AHA – Informational Interviewing

Informational Interviewing 101 w/ Chad

This workshop was held on March 17, 2017, by Chad. I did not attend in person, therefore this post is based on the video he posted online. Chad is a graduate assistant and he gave information on how to get advice and ask proper questions when interviewing someone.

From the workshop, I learned that an informational interview, according to U.S. News, is “a one on one conversation with someone who has a job you might like, who works within an industry you might want to enter, or who is employed by a specific company that you’re interested in learning about.” For me, I think it is asking the interviewer questions about what I want to know about them and their company. It is what I want to benefit from them if I am able to land the job at their site. I am able to get information about the career field that they have and decide whether or not I can see myself pursuing that same career interest. I also learned that is it very important to network with everyone. Informational interviewing is the best time to really get to network by asking important questions and I can start to build a professional relationship from that. Informational interviews can help me because I am able to gain insight on what I can really expect on the field, rather than just reading about it in text. I can also get first hand information about what is currently happening in the field, such as an influx or efflux of occupational therapists, or new certifications, etc.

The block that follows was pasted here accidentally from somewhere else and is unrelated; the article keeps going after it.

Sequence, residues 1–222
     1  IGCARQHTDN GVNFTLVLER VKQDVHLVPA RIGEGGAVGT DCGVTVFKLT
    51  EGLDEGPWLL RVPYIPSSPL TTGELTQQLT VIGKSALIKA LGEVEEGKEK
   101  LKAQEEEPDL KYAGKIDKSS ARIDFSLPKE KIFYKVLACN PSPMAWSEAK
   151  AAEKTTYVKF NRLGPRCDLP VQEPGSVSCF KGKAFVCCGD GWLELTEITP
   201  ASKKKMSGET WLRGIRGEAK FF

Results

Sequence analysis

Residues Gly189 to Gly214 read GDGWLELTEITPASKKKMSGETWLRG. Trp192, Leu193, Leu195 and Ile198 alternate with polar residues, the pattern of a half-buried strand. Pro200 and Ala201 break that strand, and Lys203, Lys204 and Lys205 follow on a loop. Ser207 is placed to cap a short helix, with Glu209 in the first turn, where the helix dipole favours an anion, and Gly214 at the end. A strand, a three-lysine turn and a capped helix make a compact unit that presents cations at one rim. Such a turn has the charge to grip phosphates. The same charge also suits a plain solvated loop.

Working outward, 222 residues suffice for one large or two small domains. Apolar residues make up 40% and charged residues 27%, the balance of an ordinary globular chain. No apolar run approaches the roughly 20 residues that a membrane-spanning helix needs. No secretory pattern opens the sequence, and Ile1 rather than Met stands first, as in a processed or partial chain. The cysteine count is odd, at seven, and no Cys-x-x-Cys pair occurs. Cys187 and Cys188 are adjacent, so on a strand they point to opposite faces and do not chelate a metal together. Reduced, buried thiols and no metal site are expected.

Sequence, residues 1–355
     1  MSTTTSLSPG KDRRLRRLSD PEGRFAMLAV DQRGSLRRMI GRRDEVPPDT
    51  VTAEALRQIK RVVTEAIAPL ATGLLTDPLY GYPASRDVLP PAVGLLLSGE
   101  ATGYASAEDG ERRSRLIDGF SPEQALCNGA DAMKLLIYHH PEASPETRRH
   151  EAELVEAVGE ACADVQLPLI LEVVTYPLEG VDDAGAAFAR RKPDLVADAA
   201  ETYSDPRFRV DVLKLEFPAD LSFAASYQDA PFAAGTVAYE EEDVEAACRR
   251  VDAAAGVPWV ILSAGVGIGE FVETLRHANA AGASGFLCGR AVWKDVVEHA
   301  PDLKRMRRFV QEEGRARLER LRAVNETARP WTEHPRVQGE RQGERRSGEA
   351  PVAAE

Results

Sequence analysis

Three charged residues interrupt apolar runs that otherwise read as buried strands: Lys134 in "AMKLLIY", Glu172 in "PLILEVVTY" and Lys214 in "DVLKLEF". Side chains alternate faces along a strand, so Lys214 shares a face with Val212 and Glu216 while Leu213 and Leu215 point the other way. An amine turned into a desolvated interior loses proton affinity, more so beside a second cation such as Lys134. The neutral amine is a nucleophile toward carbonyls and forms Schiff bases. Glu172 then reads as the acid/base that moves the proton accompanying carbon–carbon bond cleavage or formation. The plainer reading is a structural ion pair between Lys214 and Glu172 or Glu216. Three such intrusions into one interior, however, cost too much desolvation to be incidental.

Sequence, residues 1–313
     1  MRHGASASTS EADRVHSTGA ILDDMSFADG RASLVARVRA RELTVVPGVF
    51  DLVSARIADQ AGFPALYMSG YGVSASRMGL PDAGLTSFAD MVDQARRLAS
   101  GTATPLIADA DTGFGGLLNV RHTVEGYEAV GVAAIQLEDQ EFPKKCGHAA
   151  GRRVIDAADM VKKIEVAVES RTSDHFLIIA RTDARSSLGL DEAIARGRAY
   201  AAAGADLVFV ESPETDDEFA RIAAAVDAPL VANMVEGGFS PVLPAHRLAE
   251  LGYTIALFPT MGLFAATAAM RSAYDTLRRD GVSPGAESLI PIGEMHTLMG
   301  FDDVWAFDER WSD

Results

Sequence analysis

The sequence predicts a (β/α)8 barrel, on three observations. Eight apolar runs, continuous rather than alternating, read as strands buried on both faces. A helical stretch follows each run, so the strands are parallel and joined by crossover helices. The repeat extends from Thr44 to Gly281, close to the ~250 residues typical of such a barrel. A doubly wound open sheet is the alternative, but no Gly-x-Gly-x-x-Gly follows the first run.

Informational interviews is mainly conducted to get information and knowledge for my own benefit. Informational interviews are also very different from regular job interviews in many ways. Regular job interviews are to try and get the job whereas informational interviews are to learn more about the field, in detail.

There are many different ways to conduct an informational interview. There are emails, phone calls, video call, and in person. I think in person is always the best because there are small details that you cannot get with a phone call or similar.

From this workshop, I learned many different things. Firstly, I did not even know what an informational interview was until now. Going forward, I will start to ask more questions about the field that I am interested in and to not be afraid to ask questions because it is myself that might be applying for the future job. This workshop was very informational for me.

-Pauline Wong

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